My two daughters are great. I love them with every fiber of my soul. And I try to give them things when they ask for them. One of the things they seem to want is stories and information about when I was a kid. Maybe this humanizes me, and makes me seem more like they are in some way. I grew up in a much different world than they are in now, but I also had hopes and fears and dreams when I was a kid, just like they do now.
The other day my 8 year-old asked me if I had any pictures of me when I was her age. I had to think about that, since it was so long ago, but I promised her I’d look and share whatever I found with her. And there was only one place to look for these pictures, so I went and took a look. I only found one picture, but it was enough to make my daughter happy. And so I’ll share it here as well.
I was almost eight years old when this picture was taken. My family was about to move into the proverbial “house I grew up in” and if I had to guess, I would say that this was taken on the day of my first communion, since I don’t know why else I would be wearing such a get up. I was t-shirt, jeans and Keds all the way at that age, like most kids are.
But that green and brown monstrosity almost made me not want to show my daughter the picture. I had made a promise, and I didn’t have a better picture to show, and we can all laugh at ourselves over some of the things we once wore. Plus, I was just a kid, and there’s no way I’d pick anything like that out myself. I’ll pin this one on my parents, most likely my mom.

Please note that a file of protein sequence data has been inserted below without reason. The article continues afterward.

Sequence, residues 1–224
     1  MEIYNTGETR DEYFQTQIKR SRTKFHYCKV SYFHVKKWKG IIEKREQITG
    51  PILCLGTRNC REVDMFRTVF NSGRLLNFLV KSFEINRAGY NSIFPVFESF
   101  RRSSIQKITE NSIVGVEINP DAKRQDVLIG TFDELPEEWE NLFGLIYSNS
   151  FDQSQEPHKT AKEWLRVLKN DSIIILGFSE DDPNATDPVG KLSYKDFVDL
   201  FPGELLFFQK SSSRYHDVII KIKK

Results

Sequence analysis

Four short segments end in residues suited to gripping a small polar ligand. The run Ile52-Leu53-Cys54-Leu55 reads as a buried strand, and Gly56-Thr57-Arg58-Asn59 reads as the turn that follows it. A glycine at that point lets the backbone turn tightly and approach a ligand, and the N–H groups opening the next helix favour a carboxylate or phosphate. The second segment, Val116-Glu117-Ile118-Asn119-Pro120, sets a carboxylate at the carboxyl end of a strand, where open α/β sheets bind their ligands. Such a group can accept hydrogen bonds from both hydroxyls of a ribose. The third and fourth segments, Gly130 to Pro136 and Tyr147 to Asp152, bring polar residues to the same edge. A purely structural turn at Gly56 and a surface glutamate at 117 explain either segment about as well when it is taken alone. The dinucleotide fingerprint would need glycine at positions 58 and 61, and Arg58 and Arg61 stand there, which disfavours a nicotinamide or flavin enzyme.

The leisure suit was what passed for fashion in the mid 1970s (according to an inscription on the back, this was taken in 1976). A green and plaid jacket with matching pants and a brown shirt to go with it? Groovy! And, from the look on my face, I was feeling pretty good about it, too. I was a kid, and this was probably the first time I had ever owned something so snazzy. And yes, I did just use that word.
Beyond the leisure suit and my look of happiness, I can see a couple of glimpses of a carefree time in life. My Grandpa–the only one I got to meet–is looking out of the front door. He died when I was in college, so he got to see me grow up into at least a very young man. The house we lived in at the time didn’t seem so small, but when I drove past it earlier this year, I was surprised to see how small it really was.
The picture itself has a nostalgic feel to it. This was not taken with a digital camera, but with an old Kodak camera, and the film had to be taken to a supermarket or someplace like that to be developed. As I remember from my own experience, you had to wait a few days to get the film back from the developers, and they would call your home to let you know when the pictures were ready. All of that is so contrary to how it’s done today. Digital photography, which hardly existed more than a decade ago, has made pictures like the one above obsolete.
So I was happy that I found a picture to show to my daughter. But I also realize that the young boy, and his suit, and his house, and even the photo itself, are all (literally) snapshots in time, never again to be duplicated. There’s some wistfulness about that, certainly. But things are always changing, and it’s good to be reminded of this, even when that reminder is wearing brown and green at the same time.